Ryanair may drop London listing as trading volumes fall post-Brexit

DUBLIN (Reuters) – Ryanair is considering delisting from the London Stock Exchange due to a fall in trading volumes this year after British shareholders’ voting rights were restricted post-Brexit, the Irish airline announced on Monday.

A delisting would be a blow to London which is seeking to bolster its credentials as a global financial centre that can attract and sustain international companies.

Ryanair announced in 2020 that UK nationals, like all other non-EU nationals, would from January 2021 no longer be permitted to acquire ordinary shares.

That decision was taken to ensure the airline remains majority EU-owned and retains full licensing and flight rights in the bloc now that Britain has left the European Union.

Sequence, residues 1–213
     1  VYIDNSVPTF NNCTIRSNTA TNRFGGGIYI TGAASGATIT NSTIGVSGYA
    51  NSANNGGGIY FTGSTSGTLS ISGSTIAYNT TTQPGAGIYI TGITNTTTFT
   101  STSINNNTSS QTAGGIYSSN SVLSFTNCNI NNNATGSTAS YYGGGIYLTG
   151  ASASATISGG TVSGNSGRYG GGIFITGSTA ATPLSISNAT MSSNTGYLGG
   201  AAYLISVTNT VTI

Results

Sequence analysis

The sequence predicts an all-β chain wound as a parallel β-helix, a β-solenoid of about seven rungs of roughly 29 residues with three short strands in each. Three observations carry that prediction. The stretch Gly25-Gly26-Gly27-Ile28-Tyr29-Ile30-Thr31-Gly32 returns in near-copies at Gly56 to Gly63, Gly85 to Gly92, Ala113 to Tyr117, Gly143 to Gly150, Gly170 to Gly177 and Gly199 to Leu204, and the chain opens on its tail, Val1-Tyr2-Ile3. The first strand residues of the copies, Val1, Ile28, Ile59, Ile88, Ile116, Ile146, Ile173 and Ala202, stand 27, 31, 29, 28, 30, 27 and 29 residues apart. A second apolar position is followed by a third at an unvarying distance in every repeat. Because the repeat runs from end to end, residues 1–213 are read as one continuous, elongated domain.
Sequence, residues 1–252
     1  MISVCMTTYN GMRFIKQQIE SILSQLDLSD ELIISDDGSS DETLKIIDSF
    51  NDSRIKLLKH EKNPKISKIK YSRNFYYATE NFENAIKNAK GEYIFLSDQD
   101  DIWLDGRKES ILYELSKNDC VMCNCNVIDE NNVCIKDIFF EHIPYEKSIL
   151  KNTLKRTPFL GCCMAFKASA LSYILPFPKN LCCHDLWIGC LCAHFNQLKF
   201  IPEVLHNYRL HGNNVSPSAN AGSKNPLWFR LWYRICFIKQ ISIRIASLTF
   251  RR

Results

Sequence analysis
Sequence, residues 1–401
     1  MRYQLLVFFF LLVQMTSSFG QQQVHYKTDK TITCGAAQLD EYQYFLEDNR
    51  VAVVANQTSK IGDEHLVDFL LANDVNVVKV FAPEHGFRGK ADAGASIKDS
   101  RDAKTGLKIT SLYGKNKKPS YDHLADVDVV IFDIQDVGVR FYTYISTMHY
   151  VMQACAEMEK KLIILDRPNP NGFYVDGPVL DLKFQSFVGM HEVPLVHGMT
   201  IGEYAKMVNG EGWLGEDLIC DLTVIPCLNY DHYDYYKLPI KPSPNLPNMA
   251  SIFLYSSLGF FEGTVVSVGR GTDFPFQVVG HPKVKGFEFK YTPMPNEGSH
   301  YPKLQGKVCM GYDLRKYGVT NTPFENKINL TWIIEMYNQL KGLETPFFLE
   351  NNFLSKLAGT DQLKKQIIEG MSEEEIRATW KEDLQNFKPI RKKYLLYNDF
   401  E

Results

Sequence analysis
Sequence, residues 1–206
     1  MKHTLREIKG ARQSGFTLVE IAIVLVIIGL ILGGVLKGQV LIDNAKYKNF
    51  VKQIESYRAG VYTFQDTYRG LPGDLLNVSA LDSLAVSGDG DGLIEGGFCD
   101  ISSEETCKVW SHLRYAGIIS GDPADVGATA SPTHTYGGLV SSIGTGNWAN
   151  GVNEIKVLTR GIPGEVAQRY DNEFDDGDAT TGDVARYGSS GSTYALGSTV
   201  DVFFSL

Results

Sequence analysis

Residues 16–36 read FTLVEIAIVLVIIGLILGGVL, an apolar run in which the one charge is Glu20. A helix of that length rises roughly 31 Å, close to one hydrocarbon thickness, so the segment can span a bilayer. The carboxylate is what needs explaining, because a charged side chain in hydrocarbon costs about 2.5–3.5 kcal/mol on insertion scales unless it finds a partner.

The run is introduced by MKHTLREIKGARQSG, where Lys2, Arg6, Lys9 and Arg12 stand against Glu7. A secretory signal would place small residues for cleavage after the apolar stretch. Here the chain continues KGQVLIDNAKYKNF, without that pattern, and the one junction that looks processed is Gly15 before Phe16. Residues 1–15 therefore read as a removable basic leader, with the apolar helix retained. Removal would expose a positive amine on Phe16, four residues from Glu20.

Ryanair has a primary listing on Euronext Dublin and its American Depository Receipts (ADRs) are listed on the U.S. Nasdaq. In 2012 it downgraded its listing on the London Stock Exchange from a premium listing to a standard listing.

“The Board of Ryanair is now considering the merits of retaining the standard listing on the LSE,” the airline said in a statement on the release of its financial results for the six months to the end of September.

“The migration away from the LSE is consistent with a general trend for trading in shares of EU corporates post Brexit,” the statement said.

Britain is pushing to boost the City of London as a global financial centre in the aftermath of Brexit, which has largely cut off the UK financial sector from clients in the bloc.

The bulk of trading in euro-denominated shares shifted overnight from London to Amsterdam after Britain fully left the EU on Dec. 31, 2020.

(Reporting by Conor Humphries; Editing by Susan Fenton)

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